I am not sure I fully agree, but this article is worth consideration.
Technology advances at warp speed these days, but the antitrust bar keeps attempting a switch in time. On Monday the Supreme Court will consider in Apple v. Pepper whether to overturn decades of precedent that supports the digital economy.
A decade ago Apple revolutionized software development and the smartphone with its one-stop application shop where consumers could download games, social media and other applications. Apple assumed overhead functions for developers including protecting intellectual property and intermediating financial transactions. In return, it collects a 30% commission on app purchases.
Apple’s App Store freed developers to innovate and expanded distribution of their products— epitomizing Steve Jobs’s famous axiom that people don’t know what they want until you show it to them. The App Store launched with 500 apps but now has more than two million. Google, Microsoft and others have imitated Apple’s model to the benefit of consumers world-wide.
Yet plaintiff lawyers now want a share of the bounty. A class action on behalf of all App Store purchasers alleges that Apple monopolizes the app market and overcharges consumers by collecting the 30% commission. Plaintiffs are seeking treble damages under the Clayton Act.
The relevant precedent here is the Supreme Court’s landmark 1977 Illinois Brick Co. v. Illinois decision that bars indirect purchasers from bringing antitrust suits for “pass-through costs.” As the Court correctly reasoned, allocating “overcharges” along distribution chains is inordinately complicated, and allowing those who may be indirectly harmed by anti-competitive practices to sue could “‘open the door to duplicative recoveries.’” Since Apple doesn’t create or set the price for apps, it is a distributor. Commissions are “pass-through” costs, and developers don’t uniformly raise their prices 30%. Developers facing intense competition and elastic consumer demand may absorb the full commission, while others may charge consumers more for in-app purchases.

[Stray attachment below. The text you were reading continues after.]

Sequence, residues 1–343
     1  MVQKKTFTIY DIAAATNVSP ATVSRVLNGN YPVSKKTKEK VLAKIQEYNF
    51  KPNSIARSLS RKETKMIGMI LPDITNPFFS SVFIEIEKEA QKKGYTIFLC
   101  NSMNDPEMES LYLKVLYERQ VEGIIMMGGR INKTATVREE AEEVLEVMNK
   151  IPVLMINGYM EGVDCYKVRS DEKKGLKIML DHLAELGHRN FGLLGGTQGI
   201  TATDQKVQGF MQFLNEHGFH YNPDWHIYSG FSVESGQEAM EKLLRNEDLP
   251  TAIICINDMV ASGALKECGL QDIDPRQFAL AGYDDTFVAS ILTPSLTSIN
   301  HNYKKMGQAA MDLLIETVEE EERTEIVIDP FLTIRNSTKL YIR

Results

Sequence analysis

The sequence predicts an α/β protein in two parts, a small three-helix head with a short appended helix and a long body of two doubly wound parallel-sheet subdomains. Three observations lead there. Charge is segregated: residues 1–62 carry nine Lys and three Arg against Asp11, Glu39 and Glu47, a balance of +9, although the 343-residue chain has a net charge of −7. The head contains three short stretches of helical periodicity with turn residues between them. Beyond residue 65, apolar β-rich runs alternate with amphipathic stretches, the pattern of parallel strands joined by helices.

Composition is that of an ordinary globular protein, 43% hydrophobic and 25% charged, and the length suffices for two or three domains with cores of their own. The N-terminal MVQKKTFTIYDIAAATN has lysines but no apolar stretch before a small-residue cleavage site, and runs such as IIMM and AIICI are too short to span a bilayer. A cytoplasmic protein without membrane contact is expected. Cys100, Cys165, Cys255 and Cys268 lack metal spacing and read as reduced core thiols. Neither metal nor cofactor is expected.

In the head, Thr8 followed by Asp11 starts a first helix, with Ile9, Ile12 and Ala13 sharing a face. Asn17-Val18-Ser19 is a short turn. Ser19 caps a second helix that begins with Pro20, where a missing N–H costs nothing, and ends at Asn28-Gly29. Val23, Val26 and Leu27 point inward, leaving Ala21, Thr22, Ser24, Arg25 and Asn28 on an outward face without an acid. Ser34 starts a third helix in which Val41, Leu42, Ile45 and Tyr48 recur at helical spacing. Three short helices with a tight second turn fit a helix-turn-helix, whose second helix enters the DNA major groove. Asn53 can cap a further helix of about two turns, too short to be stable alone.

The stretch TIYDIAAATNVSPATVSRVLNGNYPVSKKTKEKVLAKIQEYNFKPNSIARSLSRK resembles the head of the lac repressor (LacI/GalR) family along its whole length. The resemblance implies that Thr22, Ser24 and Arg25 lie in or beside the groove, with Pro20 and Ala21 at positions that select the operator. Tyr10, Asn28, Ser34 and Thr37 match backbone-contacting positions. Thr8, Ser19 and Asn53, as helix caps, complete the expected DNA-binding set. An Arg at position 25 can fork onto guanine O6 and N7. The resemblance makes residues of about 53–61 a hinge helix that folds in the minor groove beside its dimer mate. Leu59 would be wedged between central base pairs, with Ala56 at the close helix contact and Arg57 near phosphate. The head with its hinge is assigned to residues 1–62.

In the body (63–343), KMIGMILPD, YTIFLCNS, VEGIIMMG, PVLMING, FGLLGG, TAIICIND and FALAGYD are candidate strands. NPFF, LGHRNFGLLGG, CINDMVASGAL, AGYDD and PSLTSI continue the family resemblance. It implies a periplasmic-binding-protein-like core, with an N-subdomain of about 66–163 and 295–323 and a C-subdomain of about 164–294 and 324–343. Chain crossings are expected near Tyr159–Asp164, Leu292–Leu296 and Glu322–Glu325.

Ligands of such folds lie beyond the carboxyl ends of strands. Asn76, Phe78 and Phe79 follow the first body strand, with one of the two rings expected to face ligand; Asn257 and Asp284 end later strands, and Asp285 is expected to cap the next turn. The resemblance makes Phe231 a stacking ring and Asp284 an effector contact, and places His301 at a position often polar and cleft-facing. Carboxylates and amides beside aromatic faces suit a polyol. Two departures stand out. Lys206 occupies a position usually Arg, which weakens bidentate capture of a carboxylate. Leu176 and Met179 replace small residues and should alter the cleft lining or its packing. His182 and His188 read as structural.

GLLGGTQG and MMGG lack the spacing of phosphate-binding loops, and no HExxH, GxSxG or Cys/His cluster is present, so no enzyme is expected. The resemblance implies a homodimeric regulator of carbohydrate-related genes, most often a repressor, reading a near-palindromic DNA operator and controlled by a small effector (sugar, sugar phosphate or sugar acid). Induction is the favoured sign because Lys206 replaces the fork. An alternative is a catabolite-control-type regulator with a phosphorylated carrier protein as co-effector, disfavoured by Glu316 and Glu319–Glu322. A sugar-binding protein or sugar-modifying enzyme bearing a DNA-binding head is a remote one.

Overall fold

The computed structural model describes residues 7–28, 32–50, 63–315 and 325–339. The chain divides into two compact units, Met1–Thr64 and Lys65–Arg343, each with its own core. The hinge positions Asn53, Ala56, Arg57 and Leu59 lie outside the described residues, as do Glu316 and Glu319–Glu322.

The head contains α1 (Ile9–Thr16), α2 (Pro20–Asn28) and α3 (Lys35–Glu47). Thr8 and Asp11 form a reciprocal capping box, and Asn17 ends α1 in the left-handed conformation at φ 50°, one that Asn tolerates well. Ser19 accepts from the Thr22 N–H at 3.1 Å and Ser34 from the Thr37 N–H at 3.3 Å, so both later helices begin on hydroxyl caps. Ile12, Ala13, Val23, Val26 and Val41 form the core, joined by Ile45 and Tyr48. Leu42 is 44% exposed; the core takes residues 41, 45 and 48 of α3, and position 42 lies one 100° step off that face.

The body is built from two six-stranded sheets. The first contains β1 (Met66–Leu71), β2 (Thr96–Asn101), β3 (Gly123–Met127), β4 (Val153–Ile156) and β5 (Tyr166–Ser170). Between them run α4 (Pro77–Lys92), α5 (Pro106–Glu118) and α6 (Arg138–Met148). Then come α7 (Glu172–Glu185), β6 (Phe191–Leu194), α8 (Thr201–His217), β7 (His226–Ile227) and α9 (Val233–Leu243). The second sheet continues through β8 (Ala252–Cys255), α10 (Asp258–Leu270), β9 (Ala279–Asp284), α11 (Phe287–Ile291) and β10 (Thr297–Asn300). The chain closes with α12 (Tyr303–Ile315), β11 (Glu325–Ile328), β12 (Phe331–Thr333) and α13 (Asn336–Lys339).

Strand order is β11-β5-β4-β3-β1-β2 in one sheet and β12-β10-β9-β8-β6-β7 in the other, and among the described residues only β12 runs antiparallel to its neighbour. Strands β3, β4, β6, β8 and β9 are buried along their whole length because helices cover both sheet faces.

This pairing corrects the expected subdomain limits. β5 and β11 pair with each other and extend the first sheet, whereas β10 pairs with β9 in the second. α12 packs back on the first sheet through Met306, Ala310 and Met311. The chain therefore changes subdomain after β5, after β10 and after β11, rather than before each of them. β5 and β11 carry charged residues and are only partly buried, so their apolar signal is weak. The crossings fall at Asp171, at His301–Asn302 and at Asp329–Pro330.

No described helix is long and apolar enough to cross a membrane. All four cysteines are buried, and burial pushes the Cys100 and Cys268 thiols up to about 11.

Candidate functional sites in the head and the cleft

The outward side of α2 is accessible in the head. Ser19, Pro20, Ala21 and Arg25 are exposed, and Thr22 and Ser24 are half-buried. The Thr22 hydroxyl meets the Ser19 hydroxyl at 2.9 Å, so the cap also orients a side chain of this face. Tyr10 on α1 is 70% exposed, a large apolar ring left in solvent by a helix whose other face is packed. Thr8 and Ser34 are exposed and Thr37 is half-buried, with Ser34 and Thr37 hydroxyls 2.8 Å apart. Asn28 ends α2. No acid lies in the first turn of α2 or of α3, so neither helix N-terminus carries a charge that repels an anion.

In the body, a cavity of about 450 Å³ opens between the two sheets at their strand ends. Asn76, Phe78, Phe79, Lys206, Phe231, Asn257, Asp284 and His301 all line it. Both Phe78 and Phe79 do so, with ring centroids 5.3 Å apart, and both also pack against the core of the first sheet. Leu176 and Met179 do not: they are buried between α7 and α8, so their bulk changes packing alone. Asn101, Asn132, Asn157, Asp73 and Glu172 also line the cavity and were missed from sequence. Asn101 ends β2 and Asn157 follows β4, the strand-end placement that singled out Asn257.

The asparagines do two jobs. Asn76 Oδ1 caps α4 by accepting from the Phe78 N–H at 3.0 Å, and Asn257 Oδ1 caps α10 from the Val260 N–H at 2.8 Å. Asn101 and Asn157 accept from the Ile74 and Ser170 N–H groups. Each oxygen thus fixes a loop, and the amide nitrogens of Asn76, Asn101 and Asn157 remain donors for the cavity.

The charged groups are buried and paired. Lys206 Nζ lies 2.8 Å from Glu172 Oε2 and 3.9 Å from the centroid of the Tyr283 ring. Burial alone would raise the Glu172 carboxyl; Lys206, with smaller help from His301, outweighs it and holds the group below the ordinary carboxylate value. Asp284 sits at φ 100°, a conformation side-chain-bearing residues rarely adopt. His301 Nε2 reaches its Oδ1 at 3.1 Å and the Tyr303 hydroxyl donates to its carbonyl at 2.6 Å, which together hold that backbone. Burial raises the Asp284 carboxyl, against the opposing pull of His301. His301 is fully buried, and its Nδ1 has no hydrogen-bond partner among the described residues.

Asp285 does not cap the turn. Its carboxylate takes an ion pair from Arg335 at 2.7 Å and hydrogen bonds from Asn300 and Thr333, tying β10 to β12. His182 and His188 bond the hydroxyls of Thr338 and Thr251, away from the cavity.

Consumers are indirect purchasers. The direct purchasers who would have standing to sue are app developers, yet they haven’t. Instead they argue in an amicus brief in the current case that the “developerplatform partnership is procompetitive and lowers costs for consumers.” Yet a Ninth Circuit Court of Appeals panel said app purchasers could sue and “whether app developers are direct purchasers of distribution services from Apple in the sense of Illinois Brick makes no difference.” Nor was the panel concerned that allowing lawsuits by both direct and indirect purchasers could result in duplicative damages. Somehow plaintiffs would figure out how to divvy up the pie equitably. Sure.
The Ninth Circuit ruling is an anomaly that would vastly expand antitrust liability, giving plaintiff attorneys more bites at the Apple. Online marketplaces of all sorts including e-Bay, Amazon Marketplace, and Etsy that charge sellers fees or commissions could be affected. Ditto sharing-economy services such as Airbnb and TaskRabbit.
Thirty-one states have joined a brief asking the Court to overturn Illinois Brick, which they say limits their ability to protect consumers. The Clayton Act allows state AGs to bring antitrust actions on behalf of their citizens, so reversing Illinois Brick would empower them to tap another honey pot by suing tech companies.
One irony is that state AGs persuaded the Court last term to reverse its Quill precedent and allow states to collect sales tax from remote retailers. As a result, more mom-and-pop retailers are likely to off-load their responsibility to collect sales tax to platforms in return for a commission. Yet under the Ninth Circuit’s antitrust expansion, consumers could sue platforms for doing so.
The Supreme Court in Illinois Brick invited Congress to amend the Clayton Act if Members disagreed with its decision. Congress has since modified the law several times and considered reversing Illinois Brick but failed to do so. Expanding antitrust law by judicial decree would usurp Congress’s authority to regulate commerce and disrupt innovation that has benefited millions of consumers.